In its first eight months of operation, the Office of the Racing Integrity Commissioner has launched investigations into two separate complaints about misconduct in the Victorian racing industry.

The organisation’s annual report reveals that the complaints involve allegations of misconduct by racing officials and “improper relationships” between members of one racing code.

The office of the Racing Integrity Commissioner was established on March 1 this year with the task of ensuring the thoroughbred, harness and greyhound racing industries are corruption free.

The commissioner, Sal Perna, has wide-ranging investigative powers. But under the body’s rules, the details of his inquiries remain confidential, as he explained recently:

“Allegations made to the commissioner’s office are treated confidentially and anonymity is guaranteed.  Similarly, details of allegations are also maintained in confidence unless determined to be a matter of public interest.”

The annual report explains that the two complaints are still being investigated, while a third investigation was resolved quickly.

The first two complaints are described as:

Allegations of misconduct and improper relationships by racing officials from one of the codes

and

Allegations of misconduct by racing officials from another of the racing codes.

The third matter relates to:

The failure of a Racing Appeals and Disciplinary board to accept a notice of appeal within the prescribed limits.

RAD boards are independent tribunals set up to hear appeals from decisions by racing stewards and to also hear breaches of serious offences under the rules of racing.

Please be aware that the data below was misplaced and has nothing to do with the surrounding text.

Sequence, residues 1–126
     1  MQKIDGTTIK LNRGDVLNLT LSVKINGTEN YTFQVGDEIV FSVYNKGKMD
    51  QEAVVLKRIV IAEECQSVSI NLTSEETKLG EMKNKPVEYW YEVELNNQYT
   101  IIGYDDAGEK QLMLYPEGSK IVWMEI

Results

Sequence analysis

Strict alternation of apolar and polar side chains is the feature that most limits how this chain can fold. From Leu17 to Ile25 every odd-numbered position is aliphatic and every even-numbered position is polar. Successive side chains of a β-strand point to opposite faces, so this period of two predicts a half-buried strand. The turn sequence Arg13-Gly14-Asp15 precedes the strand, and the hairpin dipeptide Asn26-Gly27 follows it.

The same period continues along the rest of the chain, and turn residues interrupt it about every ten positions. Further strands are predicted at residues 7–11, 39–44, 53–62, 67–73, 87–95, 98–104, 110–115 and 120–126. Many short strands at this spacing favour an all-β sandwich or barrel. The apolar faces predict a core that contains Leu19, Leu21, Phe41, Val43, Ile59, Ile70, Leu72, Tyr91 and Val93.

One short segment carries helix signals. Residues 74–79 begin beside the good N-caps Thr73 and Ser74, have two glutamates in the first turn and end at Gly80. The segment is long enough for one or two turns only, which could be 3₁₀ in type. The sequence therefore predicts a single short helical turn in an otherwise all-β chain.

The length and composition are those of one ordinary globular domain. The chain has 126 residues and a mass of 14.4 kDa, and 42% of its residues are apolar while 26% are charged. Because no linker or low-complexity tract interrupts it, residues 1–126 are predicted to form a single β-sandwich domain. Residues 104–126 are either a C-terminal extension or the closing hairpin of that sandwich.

Although the proceedings of RAD boards are made public, the commissioner opted not to reveal which case had been the subject of the complaint. In his report, he explains that his office intervened and the RAD board reconsidered its position by allowing the appeal to proceed.

The Brumby Government established the Office of the Racing Integrity Commissioner after a report by Judge Gordon Lewis in 2008 identified several areas of the racing industry in need of reform. He identified new ways of reducing criminal activity and procedures for drug testing animals and jockeys.

One of Lewis’s 63 recommendations was the introduction of a standalone body with independent statutory powers to maintain the integrity of Victoria’s three codes of racing.

The Office of the Racing Integrity Commissioner was created as a result.

Sal Perna is a former police inspector and head of security for Telstra. He is credited with helping reduce corruption in tennis. When he was appointed in February he said he was excited about taking on the job this year, because it marks the 150th anniversary of the Melbourne Cup.

Peter Fray

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